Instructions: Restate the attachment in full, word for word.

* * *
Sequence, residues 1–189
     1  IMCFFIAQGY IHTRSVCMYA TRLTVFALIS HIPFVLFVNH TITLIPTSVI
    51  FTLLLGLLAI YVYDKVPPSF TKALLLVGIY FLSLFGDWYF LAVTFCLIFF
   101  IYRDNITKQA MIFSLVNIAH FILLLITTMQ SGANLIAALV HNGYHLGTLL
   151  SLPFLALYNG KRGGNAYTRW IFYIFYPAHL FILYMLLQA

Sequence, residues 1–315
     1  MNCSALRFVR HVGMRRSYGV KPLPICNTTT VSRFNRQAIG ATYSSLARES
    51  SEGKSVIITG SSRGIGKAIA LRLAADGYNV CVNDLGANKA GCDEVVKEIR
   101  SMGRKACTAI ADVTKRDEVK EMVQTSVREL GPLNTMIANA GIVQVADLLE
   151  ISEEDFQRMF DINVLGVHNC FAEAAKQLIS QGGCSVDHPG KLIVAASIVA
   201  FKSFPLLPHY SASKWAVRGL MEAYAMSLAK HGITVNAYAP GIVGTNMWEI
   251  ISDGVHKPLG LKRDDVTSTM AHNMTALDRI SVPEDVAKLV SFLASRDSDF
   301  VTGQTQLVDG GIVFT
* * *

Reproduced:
Sequence, residues 1–189
     1  IMCFFIAQGY IHTRSVCMYA TRLTVFALIS HIPFVLFVNH TITLIPTSVI
    51  FTLLLGLLAI YVYDKVPPSF TKALLLVGIY FLSLFGDWYF LAVTFCLIFF
   101  IYRDNITKQA MIFSLVNIAH FILLLITTMQ SGANLIAALV HNGYHLGTLL
   151  SLPFLALYNG KRGGNAYTRW IFYIFYPAHL FILYMLLQA

Sequence, residues 1–315
     1  MNCSALRFVR HVGMRRSYGV KPLPICNTTT VSRFNRQAIG ATYSSLARES
    51  SEGKSVIITG SSRGIGKAIA LRLAADGYNV CVNDLGANKA GCDEVVKEIR
   101  SMGRKACTAI ADVTKRDEVK EMVQTSVREL GPLNTMIANA GIVQVADLLE
   151  ISEEDFQRMF DINVLGVHNC FAEAAKQLIS QGGCSVDHPG KLIVAASIVA
   201  FKSFPLLPHY SASKWAVRGL MEAYAMSLAK HGITVNAYAP GIVGTNMWEI
   251  ISDGVHKPLG LKRDDVTSTM AHNMTALDRI SVPEDVAKLV SFLASRDSDF
   301  VTGQTQLVDG GIVFT